The way we work has changed in recent times. As we have adapted to mobile communication, we are more contactable than ever before, with emails from the office leaking into our evenings and workloads being tackled across a weekend. 

When we combine this constant flow of contact with our work life with the rise of ‘presenteeism’ and the effects of this on both our physical and mental health, it’s apparent that something must change. But what can employers do to help redress the balance? 

It is possible for companies to put the health of employees first. Here’s how.  

Prioritise health 

A typical working week can take its toll. Whether you work in an office or on a building site, there are plenty of ways that the impact of the role being carried out can affect your health. 

Employers are increasingly shifting the focus to the health of their staff and there are several reasons why this is happening. Beyond the legal requirements of businesses in terms of equality laws, companies can benefit from having a healthy workforce.

Firstly, by providing a safe and healthy working space, employees feel valued. This, in turn, enhances loyalty, reducing the rate of staff turnover, which as an employer is beneficial as hiring employees is expensive.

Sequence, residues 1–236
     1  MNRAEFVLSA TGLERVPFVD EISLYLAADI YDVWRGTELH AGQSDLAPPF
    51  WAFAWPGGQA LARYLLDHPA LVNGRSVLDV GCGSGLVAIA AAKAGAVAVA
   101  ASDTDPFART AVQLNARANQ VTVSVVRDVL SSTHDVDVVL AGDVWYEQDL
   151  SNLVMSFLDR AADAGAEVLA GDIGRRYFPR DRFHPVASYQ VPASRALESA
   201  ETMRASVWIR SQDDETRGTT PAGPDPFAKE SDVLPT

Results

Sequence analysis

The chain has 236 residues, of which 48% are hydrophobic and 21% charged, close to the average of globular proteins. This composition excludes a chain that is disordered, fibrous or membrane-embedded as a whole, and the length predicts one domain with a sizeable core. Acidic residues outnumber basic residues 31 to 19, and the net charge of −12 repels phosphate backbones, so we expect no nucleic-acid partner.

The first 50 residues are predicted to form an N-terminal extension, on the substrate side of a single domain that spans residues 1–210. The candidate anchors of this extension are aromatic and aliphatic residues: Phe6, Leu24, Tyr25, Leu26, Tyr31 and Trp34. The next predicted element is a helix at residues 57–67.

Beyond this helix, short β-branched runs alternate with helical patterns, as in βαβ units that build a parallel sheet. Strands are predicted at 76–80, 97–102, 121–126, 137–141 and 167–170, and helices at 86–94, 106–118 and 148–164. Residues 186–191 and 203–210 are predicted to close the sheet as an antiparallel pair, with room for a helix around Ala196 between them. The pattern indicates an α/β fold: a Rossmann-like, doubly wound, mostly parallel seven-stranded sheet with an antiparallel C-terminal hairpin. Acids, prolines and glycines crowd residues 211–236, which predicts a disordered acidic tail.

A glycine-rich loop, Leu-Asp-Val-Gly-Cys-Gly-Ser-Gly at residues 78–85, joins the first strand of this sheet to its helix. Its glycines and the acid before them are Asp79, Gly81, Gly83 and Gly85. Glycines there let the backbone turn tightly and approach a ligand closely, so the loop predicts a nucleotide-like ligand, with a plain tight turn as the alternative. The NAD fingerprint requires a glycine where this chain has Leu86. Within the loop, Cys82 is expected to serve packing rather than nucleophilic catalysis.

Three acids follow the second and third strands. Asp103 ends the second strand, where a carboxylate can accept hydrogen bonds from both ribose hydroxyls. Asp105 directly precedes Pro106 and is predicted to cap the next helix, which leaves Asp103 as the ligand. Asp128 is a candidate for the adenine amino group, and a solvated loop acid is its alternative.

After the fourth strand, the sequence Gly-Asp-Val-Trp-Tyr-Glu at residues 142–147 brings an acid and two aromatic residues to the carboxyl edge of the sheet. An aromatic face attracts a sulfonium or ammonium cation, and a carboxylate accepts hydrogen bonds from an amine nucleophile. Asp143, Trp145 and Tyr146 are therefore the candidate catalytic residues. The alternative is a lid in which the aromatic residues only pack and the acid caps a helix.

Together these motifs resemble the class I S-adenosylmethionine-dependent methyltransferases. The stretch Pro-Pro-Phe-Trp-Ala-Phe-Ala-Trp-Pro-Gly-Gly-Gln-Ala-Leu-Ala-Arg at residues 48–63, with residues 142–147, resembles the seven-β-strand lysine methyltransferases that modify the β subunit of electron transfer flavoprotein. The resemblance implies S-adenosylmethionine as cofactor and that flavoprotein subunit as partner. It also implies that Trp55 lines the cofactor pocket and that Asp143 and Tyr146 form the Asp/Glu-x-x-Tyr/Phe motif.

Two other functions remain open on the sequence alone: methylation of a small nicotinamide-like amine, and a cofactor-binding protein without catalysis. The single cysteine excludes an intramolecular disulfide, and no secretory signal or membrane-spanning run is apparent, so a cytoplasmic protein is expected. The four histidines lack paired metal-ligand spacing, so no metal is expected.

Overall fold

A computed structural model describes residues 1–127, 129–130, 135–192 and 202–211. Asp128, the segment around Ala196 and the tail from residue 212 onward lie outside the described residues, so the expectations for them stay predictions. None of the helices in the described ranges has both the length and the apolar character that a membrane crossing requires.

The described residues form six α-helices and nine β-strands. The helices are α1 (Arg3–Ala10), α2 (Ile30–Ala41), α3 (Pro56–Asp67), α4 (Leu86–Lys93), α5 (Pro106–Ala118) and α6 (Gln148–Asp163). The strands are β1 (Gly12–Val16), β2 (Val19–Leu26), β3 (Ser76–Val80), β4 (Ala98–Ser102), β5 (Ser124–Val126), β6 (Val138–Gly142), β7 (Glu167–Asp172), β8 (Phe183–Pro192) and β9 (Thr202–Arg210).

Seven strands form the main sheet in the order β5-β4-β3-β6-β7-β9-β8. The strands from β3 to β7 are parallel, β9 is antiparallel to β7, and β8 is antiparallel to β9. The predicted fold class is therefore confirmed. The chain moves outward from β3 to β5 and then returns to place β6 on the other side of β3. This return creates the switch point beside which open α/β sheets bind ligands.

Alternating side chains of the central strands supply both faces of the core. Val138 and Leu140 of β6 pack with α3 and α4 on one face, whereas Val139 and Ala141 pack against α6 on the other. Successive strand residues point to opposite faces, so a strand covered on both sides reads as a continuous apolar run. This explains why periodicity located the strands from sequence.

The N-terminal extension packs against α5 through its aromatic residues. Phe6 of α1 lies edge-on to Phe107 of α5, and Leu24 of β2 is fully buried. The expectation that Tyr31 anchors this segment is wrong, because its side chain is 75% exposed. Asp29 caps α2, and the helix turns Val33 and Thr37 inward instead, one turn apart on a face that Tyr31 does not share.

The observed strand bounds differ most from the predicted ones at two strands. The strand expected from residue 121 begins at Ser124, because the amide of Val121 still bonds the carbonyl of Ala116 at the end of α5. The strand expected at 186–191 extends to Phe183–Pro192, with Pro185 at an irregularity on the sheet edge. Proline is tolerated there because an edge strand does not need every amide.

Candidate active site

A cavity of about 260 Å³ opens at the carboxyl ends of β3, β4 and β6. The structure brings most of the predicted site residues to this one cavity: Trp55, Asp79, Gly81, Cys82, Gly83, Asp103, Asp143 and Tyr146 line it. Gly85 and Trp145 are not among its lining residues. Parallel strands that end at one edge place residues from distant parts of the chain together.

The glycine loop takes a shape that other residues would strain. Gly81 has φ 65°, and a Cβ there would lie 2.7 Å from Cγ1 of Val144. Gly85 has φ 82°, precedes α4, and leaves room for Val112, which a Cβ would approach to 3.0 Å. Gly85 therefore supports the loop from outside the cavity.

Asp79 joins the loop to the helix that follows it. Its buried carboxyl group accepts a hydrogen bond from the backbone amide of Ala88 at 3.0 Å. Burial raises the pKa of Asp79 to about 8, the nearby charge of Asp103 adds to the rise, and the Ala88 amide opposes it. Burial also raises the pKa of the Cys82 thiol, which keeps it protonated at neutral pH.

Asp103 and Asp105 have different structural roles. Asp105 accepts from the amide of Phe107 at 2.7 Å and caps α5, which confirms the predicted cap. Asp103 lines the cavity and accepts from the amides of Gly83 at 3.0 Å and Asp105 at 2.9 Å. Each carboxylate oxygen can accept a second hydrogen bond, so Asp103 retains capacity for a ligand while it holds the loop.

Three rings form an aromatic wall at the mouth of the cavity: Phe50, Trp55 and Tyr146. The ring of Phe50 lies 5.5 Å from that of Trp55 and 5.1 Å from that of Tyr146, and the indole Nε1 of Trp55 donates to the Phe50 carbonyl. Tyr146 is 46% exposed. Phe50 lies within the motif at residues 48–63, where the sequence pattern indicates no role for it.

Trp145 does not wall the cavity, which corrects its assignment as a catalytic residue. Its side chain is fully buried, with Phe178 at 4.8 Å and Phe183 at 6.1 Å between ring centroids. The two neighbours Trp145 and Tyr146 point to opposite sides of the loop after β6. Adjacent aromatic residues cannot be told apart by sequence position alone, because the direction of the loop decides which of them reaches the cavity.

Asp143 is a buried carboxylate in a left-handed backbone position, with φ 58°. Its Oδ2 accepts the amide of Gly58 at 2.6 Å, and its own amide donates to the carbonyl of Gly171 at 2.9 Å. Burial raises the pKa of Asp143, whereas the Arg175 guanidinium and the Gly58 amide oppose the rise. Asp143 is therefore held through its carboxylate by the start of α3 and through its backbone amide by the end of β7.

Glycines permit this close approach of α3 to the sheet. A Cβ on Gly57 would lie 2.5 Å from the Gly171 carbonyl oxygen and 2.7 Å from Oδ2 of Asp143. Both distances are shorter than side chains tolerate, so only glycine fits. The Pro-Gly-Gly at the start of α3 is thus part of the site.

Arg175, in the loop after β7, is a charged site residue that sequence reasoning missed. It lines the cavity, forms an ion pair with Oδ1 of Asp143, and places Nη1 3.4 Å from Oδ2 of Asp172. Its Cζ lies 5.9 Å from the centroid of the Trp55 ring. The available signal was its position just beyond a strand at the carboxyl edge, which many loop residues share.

In addition, creating an environment that protects and values the health of workers can boost the self esteem of employees, increasing the likelihood that they enjoy their work and enhancing productivity levels and engagement among team members. 

Ultimately, prioritising the health of employees helps both individuals and the business. 

Physical focus

There are lots of initiatives that companies can introduce to help employees enhance their physical health. These include cycle to work schemes and discounted gym memberships, giving workers the chance to focus on their fitness levels. 

In addition, addressing the office furniture could be a useful approach. Are the chairs helping or hindering employees? What about the desks? The trend towards standing desks has rocketed in recent years and, while the jury is still out on how beneficial they can be, these can help to stretch the spine out and help to keep employees upright. 

Look at mental wellbeing

Mental wellbeing is important too. Offering workers mental health days, office perks and even fresh fruit can go a long way towards helping employees. Poor mental health has links to money 

worries too, so education around how workers can mange their money and offering financial benefits can go a long way towards alleviating the stress. 

Another reason for poor financial health is if an employee has been hurt or is unwell and is unable to work for a period of time as a result. In some instances, not being able to go to work can impact negatively on finances and build up stress levels. Employees could be able to claim financial compensation, however, especially if their health concerns are due to medical negligence – and the funds awarded can help in more ways than one. 

By focusing on employee health, employers can reap the benefits of having a strong, happy and healthy workforce and staff members can enjoy working for a company that prioritises the wellbeing of its workers.